84 minutes | Dec 14, 2021
136: Peter Schubert
Professor Peter Schubert from McGill University returns to the show to discuss the republication of a new edition of his book, "Baroque Counterpoint."
73 minutes | Sep 30, 2021
135: Eric Boaro
My guest today is Eric Boaro. He is the author of a very interesting article in Eighteenth-Century Music, called Evidence of the Practical Application of Solfeggio Patterns in the Manuscript for the 1707 Neapolitan Performance of La Fede Tradita E Vendicata by Gasparini and Vignola.
98 minutes | Sep 24, 2021
134: Robert Gjerdingen and Giorgio Sanguinetti
I’m very excited to welcome two very special guests to the program, Professor Robert Gjerdingen and Professor Giorgio Sanguinetti. Professor Gjerdingen is the author of Music in the Galant Style and Child Composers, while Professor Sanguinetti is the author of The Art of Partimento”. They join me today for a group table discussion on partimento, music education, music history, and much more.
115 minutes | Sep 9, 2021
133: Patrick Ayrton
My guest today is conductor, harpsichordist, and organist, Professor Patrick Ayrton. He currently teaches thoroughbass, chamber music, and improvisation at the Royal Conservatory of the Hague.
95 minutes | Aug 30, 2021
132: Jonathan Salamon
Harpsichordist and Composer, Jonathan Salamon, joins the show to discuss his article on the Leo Schema.
90 minutes | Aug 30, 2021
131: Johannes Menke
Professor Johannes Menke joins the podcast to discuss the French Baroque Style, Satzmodelle in 17th-century French music, and more.
80 minutes | Jul 29, 2021
130: Rossano Sportiello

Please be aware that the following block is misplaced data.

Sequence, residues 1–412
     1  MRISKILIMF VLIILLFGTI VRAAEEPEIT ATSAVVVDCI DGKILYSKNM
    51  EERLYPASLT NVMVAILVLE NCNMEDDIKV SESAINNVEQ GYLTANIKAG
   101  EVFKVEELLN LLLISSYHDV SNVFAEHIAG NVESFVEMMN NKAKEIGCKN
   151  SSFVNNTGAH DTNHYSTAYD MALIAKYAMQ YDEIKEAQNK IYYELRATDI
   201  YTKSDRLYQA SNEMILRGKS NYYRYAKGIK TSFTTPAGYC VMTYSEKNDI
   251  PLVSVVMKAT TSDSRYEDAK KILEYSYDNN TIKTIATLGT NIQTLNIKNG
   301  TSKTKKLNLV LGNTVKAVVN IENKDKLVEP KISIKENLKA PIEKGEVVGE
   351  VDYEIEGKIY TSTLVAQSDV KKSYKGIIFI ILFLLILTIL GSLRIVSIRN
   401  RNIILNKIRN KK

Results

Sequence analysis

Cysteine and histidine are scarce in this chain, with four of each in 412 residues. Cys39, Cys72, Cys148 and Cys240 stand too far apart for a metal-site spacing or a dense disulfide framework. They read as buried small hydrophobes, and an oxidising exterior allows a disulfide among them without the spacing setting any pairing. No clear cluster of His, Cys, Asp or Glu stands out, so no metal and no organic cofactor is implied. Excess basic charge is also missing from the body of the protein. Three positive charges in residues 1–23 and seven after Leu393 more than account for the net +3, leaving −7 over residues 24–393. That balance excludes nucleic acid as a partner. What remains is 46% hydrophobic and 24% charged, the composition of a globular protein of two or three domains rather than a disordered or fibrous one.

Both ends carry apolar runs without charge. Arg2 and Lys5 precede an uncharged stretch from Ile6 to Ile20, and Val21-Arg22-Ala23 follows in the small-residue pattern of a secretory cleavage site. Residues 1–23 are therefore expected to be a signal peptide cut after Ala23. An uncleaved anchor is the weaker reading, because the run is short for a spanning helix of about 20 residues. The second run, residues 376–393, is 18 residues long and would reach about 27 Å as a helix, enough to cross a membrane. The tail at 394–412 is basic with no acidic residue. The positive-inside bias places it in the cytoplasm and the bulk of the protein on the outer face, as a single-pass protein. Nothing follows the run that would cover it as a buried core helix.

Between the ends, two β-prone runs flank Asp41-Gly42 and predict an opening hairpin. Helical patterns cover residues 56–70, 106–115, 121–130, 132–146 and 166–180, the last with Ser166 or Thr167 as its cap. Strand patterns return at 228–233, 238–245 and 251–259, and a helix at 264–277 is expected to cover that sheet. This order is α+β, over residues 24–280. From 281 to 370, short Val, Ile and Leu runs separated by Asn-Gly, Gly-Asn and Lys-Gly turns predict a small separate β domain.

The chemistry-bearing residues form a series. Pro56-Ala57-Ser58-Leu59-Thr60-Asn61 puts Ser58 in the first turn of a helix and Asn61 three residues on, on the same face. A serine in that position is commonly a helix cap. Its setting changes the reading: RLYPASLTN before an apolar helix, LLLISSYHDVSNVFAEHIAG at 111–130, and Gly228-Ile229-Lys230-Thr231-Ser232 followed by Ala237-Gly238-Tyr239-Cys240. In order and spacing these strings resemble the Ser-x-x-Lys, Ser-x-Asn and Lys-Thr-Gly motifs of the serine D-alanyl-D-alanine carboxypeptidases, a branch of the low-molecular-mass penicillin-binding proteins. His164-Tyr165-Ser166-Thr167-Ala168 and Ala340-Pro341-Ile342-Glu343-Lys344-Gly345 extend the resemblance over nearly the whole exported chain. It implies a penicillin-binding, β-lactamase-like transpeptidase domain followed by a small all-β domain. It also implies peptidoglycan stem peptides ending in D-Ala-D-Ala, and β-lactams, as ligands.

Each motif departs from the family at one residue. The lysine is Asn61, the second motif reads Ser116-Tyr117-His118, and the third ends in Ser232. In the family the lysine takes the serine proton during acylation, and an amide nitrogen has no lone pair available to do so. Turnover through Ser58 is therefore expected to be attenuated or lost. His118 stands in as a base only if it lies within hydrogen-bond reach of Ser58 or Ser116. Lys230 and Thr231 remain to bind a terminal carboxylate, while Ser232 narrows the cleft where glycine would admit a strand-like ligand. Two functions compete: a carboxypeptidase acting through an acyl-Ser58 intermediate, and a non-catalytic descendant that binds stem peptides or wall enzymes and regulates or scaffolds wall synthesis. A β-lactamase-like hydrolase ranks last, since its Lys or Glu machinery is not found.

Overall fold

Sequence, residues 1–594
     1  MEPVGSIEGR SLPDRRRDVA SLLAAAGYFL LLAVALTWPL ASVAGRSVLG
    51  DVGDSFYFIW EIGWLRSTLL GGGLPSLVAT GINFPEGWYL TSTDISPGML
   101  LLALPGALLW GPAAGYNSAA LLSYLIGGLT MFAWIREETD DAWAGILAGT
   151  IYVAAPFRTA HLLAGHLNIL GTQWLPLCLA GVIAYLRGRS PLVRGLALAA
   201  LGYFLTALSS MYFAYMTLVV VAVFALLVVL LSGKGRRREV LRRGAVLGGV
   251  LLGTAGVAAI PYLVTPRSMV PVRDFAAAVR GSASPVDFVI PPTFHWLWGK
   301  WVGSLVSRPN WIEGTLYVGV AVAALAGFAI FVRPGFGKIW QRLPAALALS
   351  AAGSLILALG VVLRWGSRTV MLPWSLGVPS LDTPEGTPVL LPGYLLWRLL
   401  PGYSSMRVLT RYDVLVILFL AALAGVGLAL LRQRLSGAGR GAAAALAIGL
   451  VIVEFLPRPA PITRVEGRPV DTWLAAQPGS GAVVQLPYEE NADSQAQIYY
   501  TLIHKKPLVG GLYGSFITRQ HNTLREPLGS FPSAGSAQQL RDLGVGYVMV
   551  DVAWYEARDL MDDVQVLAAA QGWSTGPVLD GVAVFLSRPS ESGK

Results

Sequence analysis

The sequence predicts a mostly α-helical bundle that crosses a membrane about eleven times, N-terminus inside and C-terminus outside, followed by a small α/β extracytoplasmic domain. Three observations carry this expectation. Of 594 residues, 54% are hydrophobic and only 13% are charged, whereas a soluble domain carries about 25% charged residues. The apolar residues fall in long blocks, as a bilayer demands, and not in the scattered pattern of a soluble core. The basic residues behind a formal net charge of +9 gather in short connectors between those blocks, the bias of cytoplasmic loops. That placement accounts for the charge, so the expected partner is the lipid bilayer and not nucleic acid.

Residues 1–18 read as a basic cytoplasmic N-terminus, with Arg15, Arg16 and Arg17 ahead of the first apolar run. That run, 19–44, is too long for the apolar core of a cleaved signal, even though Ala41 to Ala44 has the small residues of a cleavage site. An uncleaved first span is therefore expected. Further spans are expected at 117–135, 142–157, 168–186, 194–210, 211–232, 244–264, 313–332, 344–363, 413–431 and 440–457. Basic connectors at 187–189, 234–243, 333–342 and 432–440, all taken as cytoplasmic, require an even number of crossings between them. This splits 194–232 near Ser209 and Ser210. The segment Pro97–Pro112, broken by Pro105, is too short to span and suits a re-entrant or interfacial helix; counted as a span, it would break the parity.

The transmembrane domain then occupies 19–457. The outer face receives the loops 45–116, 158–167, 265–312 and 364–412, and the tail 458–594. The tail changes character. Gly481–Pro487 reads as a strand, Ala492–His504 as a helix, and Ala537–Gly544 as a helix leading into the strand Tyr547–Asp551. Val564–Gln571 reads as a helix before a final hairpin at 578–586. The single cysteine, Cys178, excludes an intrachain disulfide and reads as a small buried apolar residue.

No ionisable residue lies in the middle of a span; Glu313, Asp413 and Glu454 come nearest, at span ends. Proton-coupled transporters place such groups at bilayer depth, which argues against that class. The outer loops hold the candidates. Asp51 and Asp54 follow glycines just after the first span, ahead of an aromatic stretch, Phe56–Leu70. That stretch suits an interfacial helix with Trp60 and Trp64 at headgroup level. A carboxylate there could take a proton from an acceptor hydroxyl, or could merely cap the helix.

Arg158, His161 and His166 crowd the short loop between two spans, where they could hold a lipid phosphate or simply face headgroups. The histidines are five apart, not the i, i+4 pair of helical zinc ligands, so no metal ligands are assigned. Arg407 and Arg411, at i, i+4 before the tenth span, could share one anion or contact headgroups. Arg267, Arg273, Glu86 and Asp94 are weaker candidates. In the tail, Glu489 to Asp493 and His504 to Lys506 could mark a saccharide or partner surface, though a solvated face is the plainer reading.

I’m extremely thrilled to introduce my guest today, Jazz pianist, educator, composer and arranger, Rossano Sportiello! He is one of the world's leading jazz piano players on the scene today, specializing in styles from Harlem Stride Piano to Bebop to Contemporary Jazz. Jazz piano legend Barry Harris said of Rossano, “Rossano is the most fabulous piano player I ever heard in my life; indeed, a master of his craft. Hear him once and you’ll know what I mean”. 0:00 Start 0:53 Background 5:18 Did you improvise or compose when young? 7:00 How did you learn jazz in your teenage years? 9:02 You started out as a dixie land pianist 10:45 Did you study harmony and counterpoint in the conservatory? 14:25 How do you think about chord symbols as your theoretical framework in jazz? 17:34 Classical improvisation 20:17 The great classical composers were like jazz musicians 21:40 What’s your opinion of modern jazz theory? 23:21 Jazz as the continuation of classical music 28:22 Barry Harris saying we should study figured bass 31:48 Can you technically explain your horizontal thought process of chords in jazz 34:10 How do you teach jazz that is different from modern jazz theory? 36:49 Do you think of chord to chord, or key area to key area? 38:16 The “A” section of Rhythm changes 40:56 Do you think of superimposed chord structures on top of other chords or purely in intervals? 44:54 What is your conception of right hand improvisation? 50:19 Do you transcribe entire solos, or parts of solos that you like? 58:03 What’s your advice on playing fast, up-tempo tunes? 1:00:59 Walking with the left hand and improvising with the right hand at the same time 1:07:38 Do you hum or sing, externally or internally as you improvise? 1:08:35 If you play with any 3 jazz musicians in history, who would they be? 1:09:37 What is your proudest musical moment? 1:11:44 Hardest tune for you to play? 1:13:04 What 3 albums would you recommend for a brand new listener of yours? 1:15:28 Wrapping Up